- Net sales of Crisco shortening and cooking oil jumped nearly 23% in the second quarter, mostly driven by price increases that owner B&G Foods passed to cover “extreme” cost increases for ingredients like soybean and canola oils, the company said in its most recent earnings call.
- B&G President and CEO Casey Keller noted that price elasticity has increased since the last time B&G Foods raised Crisco prices in June, and that as future increases go into effect, “we do expect that some consumers may make the decision to trade down to private label, but we just haven’t seen it in large impact yet.”
- Manufacturers of products in commodity categories like shortenings and oils are grappling with covering increasing costs for ingredients while not pushing consumers toward private label offers.
After export bans and weather woes hampered supply and pushed prices for edible oils like soybean, palm and canola to all time highs earlier this year, manufacturers have had to scramble to find substitutions and cover their increased costs. The Consumer Price Index for fats and oils rose 20.8% on a 12-month basis in July, according to the U.S. Bureau of Labor Statistics’ latest data.
The run-up in edible oil prices is showing signs of easing. In July, the United Nations Food and Agriculture Organization’s global Vegetable Oil Price index fell 19.2% to reach a 10-month low. International quotes for rapeseed oil — known as canola in North America — fell with forecasts for a bumper crop, while soybean oil prices fell because of “protracted sluggish demand,” according to FAO.
While the downward trend in soybean and canola oil prices should eventually ease ingredient costs for manufacturers like B&G, for now, they must contend with the current environment.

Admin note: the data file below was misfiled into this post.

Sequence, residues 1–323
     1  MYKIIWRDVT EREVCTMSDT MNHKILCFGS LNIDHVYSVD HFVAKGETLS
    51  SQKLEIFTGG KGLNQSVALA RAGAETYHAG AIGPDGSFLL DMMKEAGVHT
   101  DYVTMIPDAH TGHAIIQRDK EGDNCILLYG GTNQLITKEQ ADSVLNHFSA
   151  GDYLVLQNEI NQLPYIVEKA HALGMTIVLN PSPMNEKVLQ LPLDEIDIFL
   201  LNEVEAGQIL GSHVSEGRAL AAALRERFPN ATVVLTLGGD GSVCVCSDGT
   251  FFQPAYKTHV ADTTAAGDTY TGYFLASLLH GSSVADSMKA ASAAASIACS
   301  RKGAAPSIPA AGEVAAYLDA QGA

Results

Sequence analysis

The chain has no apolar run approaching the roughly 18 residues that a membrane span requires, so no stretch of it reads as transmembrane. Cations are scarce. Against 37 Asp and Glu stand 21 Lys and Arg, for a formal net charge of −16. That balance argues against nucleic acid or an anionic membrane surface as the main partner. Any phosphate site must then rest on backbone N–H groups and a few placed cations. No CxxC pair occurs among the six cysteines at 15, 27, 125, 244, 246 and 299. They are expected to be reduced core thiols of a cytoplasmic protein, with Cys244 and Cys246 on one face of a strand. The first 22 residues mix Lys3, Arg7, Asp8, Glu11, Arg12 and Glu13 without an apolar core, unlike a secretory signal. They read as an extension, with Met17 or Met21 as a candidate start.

Commodity categories like shortening are more vulnerable to consumers trading down to private label when prices increase. According to a recent IRI report on consumer behavior during inflation, shortening and oil ranked among the top food categories where private label grew its share, up 3 percentage points in the four weeks ending July 24. Keller said on the earnings call that Crisco had lost share to private label after its last round of price increases, but added that the company believes it can regain it.
Crisco has driven roughly 40% of B&G’s price increases, due to the volatility in oil costs. “Certainly for us, some of the real challenges that we saw in the quarter was just the disconnect or the rapid increase in the cost side from Crisco relative to when we were able to implement the price,” Keller said. However, B&G could revisit future price changes on Crisco if conditions improve.
”We will start to have the conversations about when we would possibly take Crisco prices down,” Keller said. “If commodity [costs] come down, we’re going to benefit probably in the first quarter of next year.”